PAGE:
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“Money wins.” Those were the words of the often very funny, but occasionally sanctimonious Wall Street Journal sports columnist, Jason Gay. Gay was commenting on the announced merger of the PGA Tour with the upstart LIV, and in his defense, his lament about “money” was uniform among sportswriters. They get things backwards.

To see why, think professional football. Thank goodness it’s all about the money. Since it is, it’s no longer legal in the sport for individuals to blindside receivers coming across the middle. Leg whips and horse collars are banned too. Quarterbacks, generally the most valuable players on any football field, are coddled the most via rules and highly-paid protectors of their blind sides. Why? Because they’re the highest paid players on the field.

Since the NFL is increasingly about the money, player compensation and their treatment grows grander by the day. Not only do teams employ strength and nutrition coaches in order to enhance their investments in players, they also employ sleep coaches. They do because it’s all about the money.

Golf is no different. To see why, ask yourself why Tiger Woods is so beloved on the PGA Tour despite a reputation for surliness. The answer is simple, or should be. Woods’s immense popularity with the fans vastly increased corporate sponsor interest in the sport, and this predictably resulted in soaring tournament prize money. Woods was and is beloved because even when he was seemingly unbeatable, it was quite a bit more lucrative to lose to Woods than to win without him. Importantly, it wasn’t just his fellow professionals that Woods enriched.

As a consequence of skyrocketing tournament purses, the game itself grew more broadly. While the typical golf club pro or instructor of old generally used to earn money by teaching elderly duffers or bratty young kids how to play, the lucrative nature of golf predictably resulted in more and more tour professionals hiring swing coaches, putting coaches, personal trainers (have you seen the physique of the typical golf professional of late?), nutritionists, and yes, psychiatrists. While caddies were formerly most known for their colorful names, the money in golf has turned “caddie” into a lucrative aspiration for golf savants. Put another way, exponentially more people are now able to make a career out of something they love (golf) since “vital few” talents like Woods attracted so much money to the sport.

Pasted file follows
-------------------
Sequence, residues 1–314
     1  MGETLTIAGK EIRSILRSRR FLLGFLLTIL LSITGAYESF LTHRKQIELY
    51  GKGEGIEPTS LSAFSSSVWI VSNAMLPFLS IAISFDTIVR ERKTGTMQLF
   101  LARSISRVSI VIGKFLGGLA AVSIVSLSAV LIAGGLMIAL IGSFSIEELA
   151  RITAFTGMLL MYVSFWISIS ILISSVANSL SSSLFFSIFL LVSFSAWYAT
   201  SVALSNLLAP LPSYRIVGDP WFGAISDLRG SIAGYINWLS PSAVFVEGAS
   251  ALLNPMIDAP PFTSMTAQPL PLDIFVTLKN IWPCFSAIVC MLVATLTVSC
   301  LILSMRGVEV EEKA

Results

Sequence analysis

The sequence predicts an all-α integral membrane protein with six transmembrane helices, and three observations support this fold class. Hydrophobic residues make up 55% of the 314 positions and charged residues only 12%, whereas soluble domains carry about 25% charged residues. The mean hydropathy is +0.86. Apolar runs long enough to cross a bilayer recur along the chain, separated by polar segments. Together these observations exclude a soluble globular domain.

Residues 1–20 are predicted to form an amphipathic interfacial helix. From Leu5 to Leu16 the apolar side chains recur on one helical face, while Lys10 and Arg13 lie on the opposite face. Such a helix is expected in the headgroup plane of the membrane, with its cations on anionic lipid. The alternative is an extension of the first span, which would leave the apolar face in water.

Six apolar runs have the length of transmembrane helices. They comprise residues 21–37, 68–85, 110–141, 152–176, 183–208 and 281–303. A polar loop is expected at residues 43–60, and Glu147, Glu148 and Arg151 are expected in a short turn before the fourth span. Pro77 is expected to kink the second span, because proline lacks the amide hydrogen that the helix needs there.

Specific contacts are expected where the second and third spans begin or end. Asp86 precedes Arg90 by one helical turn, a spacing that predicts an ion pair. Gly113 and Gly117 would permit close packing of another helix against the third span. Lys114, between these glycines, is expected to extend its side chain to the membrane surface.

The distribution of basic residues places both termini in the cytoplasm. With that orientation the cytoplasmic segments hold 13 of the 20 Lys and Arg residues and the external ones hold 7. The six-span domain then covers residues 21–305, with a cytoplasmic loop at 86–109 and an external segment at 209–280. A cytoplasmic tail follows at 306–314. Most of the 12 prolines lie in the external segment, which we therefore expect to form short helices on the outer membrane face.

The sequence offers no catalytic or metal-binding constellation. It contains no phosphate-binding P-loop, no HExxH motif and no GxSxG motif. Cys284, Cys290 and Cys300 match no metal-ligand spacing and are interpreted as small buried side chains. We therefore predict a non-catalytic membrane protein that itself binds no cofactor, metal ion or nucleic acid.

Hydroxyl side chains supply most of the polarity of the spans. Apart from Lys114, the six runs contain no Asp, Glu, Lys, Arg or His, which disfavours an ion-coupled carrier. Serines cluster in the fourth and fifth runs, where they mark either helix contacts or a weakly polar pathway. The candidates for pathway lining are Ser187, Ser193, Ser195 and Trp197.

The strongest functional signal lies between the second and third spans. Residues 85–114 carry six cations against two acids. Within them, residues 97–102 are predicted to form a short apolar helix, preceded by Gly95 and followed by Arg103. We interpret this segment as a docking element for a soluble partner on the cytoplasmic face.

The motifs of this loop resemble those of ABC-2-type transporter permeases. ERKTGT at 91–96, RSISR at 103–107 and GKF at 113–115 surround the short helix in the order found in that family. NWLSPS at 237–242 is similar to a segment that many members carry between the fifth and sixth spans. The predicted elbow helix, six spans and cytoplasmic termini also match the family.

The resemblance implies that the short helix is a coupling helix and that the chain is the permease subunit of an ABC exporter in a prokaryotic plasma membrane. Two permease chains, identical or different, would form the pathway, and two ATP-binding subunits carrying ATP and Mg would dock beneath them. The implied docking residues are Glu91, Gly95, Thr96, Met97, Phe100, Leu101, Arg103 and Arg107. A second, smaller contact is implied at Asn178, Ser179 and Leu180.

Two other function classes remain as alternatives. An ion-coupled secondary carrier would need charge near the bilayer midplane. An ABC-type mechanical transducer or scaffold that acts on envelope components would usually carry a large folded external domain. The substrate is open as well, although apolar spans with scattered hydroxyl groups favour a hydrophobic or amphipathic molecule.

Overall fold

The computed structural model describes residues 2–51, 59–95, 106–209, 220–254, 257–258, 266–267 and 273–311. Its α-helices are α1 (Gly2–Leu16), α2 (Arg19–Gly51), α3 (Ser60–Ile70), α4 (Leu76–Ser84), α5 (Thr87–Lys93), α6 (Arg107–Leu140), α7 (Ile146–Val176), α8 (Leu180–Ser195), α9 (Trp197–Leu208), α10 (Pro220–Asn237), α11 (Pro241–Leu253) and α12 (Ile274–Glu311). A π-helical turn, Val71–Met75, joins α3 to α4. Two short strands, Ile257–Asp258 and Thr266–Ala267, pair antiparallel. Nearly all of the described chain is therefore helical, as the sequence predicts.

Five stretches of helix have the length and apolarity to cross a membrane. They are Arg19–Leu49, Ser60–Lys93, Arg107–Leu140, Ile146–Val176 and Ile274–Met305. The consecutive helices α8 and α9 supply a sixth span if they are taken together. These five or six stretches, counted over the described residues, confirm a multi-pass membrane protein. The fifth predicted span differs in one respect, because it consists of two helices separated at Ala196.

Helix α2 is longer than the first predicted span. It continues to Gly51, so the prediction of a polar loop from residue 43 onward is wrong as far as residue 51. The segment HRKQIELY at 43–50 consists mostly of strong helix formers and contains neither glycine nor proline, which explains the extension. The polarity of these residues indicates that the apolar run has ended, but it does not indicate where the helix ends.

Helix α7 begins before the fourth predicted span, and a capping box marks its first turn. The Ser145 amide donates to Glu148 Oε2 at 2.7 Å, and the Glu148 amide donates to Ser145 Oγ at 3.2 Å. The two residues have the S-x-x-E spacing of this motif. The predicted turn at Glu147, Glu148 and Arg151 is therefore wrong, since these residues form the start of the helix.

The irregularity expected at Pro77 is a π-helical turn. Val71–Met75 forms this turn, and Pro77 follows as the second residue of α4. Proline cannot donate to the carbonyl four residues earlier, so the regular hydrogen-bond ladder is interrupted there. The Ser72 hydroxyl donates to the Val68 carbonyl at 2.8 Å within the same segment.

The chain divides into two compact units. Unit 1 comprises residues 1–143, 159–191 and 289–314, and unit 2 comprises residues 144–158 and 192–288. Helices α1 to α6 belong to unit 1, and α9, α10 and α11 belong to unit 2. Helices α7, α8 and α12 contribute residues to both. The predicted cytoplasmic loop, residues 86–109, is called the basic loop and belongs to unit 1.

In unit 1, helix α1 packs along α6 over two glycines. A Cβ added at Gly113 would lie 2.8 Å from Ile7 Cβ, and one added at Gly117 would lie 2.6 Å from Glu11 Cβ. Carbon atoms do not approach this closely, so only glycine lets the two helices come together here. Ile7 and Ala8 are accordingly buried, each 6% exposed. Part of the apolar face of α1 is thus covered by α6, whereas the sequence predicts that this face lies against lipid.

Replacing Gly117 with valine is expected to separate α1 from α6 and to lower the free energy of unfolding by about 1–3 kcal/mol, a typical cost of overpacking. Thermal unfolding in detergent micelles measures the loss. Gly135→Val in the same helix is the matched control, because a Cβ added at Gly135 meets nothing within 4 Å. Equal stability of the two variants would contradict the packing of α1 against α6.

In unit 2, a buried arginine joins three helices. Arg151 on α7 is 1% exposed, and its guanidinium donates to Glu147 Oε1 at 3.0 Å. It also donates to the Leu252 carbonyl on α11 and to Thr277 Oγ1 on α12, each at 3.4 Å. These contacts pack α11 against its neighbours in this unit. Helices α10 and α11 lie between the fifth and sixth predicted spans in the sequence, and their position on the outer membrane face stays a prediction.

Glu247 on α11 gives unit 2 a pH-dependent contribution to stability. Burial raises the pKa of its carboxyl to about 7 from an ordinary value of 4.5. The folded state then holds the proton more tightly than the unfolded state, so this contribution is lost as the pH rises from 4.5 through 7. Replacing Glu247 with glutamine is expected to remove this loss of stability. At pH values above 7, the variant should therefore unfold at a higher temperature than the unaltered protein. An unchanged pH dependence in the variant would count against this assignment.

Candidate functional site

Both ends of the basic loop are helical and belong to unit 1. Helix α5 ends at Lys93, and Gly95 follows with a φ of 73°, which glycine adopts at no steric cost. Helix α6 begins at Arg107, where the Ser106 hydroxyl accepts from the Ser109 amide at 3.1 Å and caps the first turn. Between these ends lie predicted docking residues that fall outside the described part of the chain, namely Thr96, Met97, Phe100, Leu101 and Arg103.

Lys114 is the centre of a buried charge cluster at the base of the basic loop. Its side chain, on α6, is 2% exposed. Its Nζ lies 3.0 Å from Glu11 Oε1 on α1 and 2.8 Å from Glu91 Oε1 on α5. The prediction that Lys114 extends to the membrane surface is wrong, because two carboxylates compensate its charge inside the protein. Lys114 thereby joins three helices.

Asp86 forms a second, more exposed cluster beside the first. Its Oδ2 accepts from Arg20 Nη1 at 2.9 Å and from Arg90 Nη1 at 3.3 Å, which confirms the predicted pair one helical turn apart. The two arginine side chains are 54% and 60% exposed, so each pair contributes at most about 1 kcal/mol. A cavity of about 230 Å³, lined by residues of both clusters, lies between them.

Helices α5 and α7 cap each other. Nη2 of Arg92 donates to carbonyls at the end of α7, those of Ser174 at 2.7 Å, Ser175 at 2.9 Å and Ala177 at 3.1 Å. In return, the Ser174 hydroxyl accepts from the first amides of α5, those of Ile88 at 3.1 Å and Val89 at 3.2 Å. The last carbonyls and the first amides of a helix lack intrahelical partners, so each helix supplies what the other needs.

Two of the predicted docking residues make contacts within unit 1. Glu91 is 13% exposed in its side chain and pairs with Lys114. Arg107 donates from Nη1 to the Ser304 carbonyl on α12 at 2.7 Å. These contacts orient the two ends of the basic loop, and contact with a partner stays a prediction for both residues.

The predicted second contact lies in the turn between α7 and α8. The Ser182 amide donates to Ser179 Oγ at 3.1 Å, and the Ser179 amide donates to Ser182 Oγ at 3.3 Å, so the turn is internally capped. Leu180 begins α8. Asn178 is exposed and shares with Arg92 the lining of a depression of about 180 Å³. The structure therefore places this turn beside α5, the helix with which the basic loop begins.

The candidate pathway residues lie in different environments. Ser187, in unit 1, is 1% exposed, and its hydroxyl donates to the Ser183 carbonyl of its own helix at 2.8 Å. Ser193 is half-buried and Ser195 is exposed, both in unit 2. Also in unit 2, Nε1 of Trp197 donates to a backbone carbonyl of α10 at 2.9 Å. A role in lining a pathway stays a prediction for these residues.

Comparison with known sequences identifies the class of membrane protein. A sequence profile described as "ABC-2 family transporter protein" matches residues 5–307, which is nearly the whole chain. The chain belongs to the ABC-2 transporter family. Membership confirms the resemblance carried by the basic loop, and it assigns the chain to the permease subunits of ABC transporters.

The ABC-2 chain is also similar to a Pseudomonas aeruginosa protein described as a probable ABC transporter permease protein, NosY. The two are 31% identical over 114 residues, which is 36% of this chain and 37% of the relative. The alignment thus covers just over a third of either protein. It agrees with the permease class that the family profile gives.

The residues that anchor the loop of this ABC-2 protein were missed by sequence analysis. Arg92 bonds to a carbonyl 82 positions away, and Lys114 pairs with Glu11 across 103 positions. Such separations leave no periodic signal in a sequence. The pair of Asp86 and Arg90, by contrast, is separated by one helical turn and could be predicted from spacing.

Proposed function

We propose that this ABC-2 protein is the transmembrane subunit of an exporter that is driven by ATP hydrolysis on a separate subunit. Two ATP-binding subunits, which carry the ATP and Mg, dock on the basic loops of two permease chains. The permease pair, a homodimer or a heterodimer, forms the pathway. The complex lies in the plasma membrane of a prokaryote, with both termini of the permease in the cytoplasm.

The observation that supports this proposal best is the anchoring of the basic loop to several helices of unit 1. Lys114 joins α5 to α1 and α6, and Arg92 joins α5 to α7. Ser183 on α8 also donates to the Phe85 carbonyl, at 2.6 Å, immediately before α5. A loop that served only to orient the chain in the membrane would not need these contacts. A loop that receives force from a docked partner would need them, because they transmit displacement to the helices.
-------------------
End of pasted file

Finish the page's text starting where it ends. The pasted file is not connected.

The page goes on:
Fast forward to the present, and the Saudi Arabia-backed LIV built a professional tour in short order by writing enormous checks to some of the biggest names and best players in golf. More on where the money came from in a moment, but for now it cannot be stressed enough how good these checks were for golf. For one, competition always and everywhere lifts all boats. Competition from outside the PGA forced the PGA to get serious about keeping PGA players within the PGA. In that case, one guesses PGA players at least privately disdained Phil Mickelson, Brooks Koepka, Bryson De Chambeau and others as much as they disdain Tiger Woods. Meaning not at all. Thanks to LIV making it about the money, professional golfers got big raises. So did an ever-growing industry around the sport. See above.

Is all this tainted because the money comes from Saudi Arabia? No. But isn’t the regime “sports-washing” itself? Let’s hope. If Saudi Arabia is “sports-washing” itself, that’s the surest admission from Saudi Arabia that its human rights past and present is deplorable. Since it’s about the money, and it is, hopefully the merger brings elicits a better Saudi Arabia.

Back to Gay and those in his the sportswriter space presently bathing comfortably in their own sanctimony, money winning connotes something bad to them. Yet they get to write about sports. For a living! Because Americans devour sports pages to this day. In which case they better hope it’s never not about the money…

John Tamny is editor of RealClearMarkets, Vice President at FreedomWorks, a senior fellow at the Market Institute, and a senior economic adviser to Applied Finance Advisors (www.appliedfinance.com). His latest book is The Money Confusion: How Illiteracy About Currencies and Inflation Sets the Stage For the Crypto Revolution.

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